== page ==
Protecting patients with sickle cell disease from alloimmunization risk: benefits of genotyping
What is this research about?
Red blood cell (RBC) transfusion is an important treatment for some patients with sickle cell disease (SCD), one of the most common blood disorders in the world. Transfusion can reduce morbidity and mortality in patients with SCD, but it comes with risks: if donor RBCs have antigens that are not found on the patient’s RBCs, the patient’s immune system attacks the donor’s foreign RBC antigens through a process called alloimmunization. Alloimmunization puts SCD patients at risk of a haemolytic transfusion reaction (HTR), life-threatening hyperhaemolysis (rapid destruction of red blood cells) and other adverse outcomes. To minimize these risks, SCD patients are antigen matched to donors whose blood is typed for key RBC antigens through serology-based phenotyping. However, serological phenotyping is not foolproof; even when patients receive antigen-matched blood, alloimmunization rates can still reach 15% due to weak and partial antigen expression—this happens when mutations in one of the genes that code for a blood group antigen creates a variant of an RBC antigen. This study assessed whether genotyping could identify antigens not detected through serologic matching alone. By identifying differences in RBC antigen prediction and retrospectively evaluating alloimmunization-related outcomes, this study could help ensure safer transfusions for SCD patients.
Red cell antigen genotyping complements serological phenotyping and may prevent alloimmunization in sickle cell disease patients.
What did the researchers do?
The researchers conducted a retrospective cohort study on 106 SCD patients in a tertiary care centre in Canada. RBC antigen phenotyping and genotyping was performed by Canadian Blood Services’ reference laboratories on consenting SCD patients. Patient demographic, clinical and transfusion-related data were obtained from a local transfusion registry. The primary outcome was the number and proportion of patients who had informative genotyping results. Informative was defined as: 1) the presence of a variant allele 2) discrepancy between the predicted antigen profiles from genotyping and serological phenotyping.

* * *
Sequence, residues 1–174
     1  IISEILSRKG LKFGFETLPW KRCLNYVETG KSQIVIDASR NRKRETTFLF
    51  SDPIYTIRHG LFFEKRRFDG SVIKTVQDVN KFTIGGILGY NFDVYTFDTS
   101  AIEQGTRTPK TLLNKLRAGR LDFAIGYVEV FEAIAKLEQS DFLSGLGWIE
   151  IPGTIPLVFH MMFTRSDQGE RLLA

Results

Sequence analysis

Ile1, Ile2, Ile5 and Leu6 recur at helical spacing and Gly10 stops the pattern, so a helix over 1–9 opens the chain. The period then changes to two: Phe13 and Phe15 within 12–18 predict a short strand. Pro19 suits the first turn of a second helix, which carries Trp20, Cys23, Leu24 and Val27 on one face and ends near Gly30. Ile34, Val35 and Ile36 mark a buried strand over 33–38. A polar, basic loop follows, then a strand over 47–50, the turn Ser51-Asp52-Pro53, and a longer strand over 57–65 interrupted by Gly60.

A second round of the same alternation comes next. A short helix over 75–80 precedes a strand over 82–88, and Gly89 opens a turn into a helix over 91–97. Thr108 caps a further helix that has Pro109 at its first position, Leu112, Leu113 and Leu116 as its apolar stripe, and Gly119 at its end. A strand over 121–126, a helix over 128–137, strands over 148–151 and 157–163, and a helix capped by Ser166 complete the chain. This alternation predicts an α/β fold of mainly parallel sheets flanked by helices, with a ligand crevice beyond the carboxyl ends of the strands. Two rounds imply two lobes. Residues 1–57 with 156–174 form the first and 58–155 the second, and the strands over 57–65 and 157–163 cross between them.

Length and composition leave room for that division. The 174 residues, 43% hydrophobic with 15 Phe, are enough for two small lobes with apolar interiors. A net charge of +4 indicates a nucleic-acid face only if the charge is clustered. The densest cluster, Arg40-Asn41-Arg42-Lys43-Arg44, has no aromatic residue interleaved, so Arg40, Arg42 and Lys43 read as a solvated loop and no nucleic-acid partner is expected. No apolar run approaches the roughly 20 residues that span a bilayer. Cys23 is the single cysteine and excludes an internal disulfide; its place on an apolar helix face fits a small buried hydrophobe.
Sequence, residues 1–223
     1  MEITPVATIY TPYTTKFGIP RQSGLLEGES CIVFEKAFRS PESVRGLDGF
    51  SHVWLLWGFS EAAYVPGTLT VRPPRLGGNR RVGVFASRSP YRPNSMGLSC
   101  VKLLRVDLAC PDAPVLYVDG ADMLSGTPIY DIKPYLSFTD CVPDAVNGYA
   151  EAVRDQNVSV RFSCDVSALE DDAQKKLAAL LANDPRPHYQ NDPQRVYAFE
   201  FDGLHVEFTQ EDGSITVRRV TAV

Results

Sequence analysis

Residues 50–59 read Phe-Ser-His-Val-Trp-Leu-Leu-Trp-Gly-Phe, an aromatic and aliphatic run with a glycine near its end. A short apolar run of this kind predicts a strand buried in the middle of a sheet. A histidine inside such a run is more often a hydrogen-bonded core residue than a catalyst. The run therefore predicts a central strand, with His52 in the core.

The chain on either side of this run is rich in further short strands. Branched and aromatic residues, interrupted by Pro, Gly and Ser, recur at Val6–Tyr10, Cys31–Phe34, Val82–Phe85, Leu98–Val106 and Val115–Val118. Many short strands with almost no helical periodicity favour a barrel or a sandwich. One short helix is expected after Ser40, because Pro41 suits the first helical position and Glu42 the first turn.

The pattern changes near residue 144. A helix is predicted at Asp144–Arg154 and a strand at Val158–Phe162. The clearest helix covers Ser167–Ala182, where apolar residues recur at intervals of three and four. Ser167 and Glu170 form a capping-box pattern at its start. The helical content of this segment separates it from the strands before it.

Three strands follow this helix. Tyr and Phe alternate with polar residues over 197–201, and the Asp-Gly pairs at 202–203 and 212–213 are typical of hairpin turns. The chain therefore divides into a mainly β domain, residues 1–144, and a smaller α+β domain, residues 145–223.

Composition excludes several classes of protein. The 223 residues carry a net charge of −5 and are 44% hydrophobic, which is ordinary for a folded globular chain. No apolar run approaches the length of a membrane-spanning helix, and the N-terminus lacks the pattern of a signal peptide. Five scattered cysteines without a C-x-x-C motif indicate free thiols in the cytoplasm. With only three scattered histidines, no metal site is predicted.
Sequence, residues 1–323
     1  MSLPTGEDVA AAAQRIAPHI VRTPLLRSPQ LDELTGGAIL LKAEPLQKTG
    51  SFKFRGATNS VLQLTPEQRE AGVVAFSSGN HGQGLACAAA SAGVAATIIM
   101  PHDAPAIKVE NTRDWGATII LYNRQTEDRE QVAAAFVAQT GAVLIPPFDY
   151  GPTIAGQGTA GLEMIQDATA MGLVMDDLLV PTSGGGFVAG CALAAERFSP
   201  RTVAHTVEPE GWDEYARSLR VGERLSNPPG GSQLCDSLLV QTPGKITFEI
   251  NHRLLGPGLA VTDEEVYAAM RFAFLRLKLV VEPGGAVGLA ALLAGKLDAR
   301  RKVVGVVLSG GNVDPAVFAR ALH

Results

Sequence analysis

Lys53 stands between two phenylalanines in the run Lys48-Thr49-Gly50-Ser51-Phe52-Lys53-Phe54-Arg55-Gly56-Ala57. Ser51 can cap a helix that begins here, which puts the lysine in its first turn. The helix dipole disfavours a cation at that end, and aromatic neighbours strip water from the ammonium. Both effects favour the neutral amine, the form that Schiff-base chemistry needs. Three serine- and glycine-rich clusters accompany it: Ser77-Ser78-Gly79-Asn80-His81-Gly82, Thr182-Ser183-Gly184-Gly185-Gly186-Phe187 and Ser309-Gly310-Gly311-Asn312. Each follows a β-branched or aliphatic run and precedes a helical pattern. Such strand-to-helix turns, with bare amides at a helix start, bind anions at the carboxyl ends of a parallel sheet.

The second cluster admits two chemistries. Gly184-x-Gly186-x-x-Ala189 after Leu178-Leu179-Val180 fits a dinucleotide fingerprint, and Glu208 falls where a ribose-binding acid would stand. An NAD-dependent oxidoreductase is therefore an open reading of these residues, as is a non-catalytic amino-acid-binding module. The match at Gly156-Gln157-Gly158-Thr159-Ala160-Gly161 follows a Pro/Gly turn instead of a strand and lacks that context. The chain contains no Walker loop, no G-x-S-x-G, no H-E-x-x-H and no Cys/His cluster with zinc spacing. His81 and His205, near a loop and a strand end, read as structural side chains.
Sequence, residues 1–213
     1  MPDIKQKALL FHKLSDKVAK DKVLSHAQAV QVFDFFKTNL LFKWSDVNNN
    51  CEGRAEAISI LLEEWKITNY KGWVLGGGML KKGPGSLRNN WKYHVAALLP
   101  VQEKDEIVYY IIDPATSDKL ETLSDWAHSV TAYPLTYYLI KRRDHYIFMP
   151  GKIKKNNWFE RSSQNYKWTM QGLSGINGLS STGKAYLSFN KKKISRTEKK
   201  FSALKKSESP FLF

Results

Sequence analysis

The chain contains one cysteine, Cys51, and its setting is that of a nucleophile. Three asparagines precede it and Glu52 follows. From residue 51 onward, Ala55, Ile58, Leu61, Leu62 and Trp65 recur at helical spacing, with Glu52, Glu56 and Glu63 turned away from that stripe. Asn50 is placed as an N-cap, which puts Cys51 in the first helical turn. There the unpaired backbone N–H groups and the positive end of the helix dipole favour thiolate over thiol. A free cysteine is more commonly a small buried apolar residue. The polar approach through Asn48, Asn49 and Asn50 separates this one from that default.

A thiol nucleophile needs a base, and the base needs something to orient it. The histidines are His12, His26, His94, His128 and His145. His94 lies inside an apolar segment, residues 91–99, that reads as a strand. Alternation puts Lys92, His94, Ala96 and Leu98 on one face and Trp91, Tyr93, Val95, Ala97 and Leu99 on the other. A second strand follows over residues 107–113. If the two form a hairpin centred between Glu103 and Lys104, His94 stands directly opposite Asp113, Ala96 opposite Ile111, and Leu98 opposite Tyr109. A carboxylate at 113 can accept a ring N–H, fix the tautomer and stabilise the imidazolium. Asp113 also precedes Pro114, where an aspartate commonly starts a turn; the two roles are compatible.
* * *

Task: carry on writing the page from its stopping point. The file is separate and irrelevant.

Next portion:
What did the researchers find?
Genotyping SCD patients provided clinically relevant transfusion information, such as variant alleles and rare predicted phenotypes, in addition to phenotyping. Ninety-six (91%) patients had a variant allele identified by genotyping. The majority of patients had a variant allele of the Duffy blood group system (FY*02N.01) and RH variant alleles were common. Fifteen (14.2%) of patients had a history of alloimmunisation, with 5 having HTR documented.
The primary findings of the study were:
Genotyping showed additional clinically relevant transfusion information compared to phenotyping alone in the majority of SCD patients.
Genotyping revealed variant alleles that would put some patients at risk of alloimmunization if RBC antigen matching was performed based on phenotyping results.
Using genotyping for providing prospectively matched blood for transfusion may provide an opportunity to prevent alloimmunization and HTRs, particularly if started before the first RBC transfusion.
How can you use this research?
This study showed a high frequency of variant alleles/polymorphisms in the SCD population. Genotyping can help prevent alloimmunization in SCD patients by identifying important changes to antigen matching profiles compared with serological phenotyping alone. Although identifying variant alleles could pose challenges in finding compatible blood for transfusion to SCD patients, large-scale genotyping of donors is feasible and has the potential to improve transfusion safety for this patient group, as well as decrease overall transfusion time and turnaround time (the time from when a physician orders a blood transfusion to the time when the patient starts receiving the transfusion). RBC antigen genotyping has already proven clinically successful for RHD alleles, and this research offers further support for a more widespread implementation of this practice.
About the research team
The research group includes experts from the McMaster Centre for Transfusion Research (MCTR) and Canadian Blood Services.
This research unit is derived from the following publication(s)
Acknowledgements: MCTR receives funding support from Canadian Blood Services (Transfusion Medicine Research Program Support Award), funded by the federal government (Health Canada) and the provincial and territorial ministries of health. The views herein do not necessarily reflect the views of Canadian Blood Services or the federal, provincial or territorial governments of Canada.
This Research Unit was written by Zi Yan Chen, graduate student in lab of Dr. Heyu Ni, Canadian Blood Services scientist at the University of Toronto.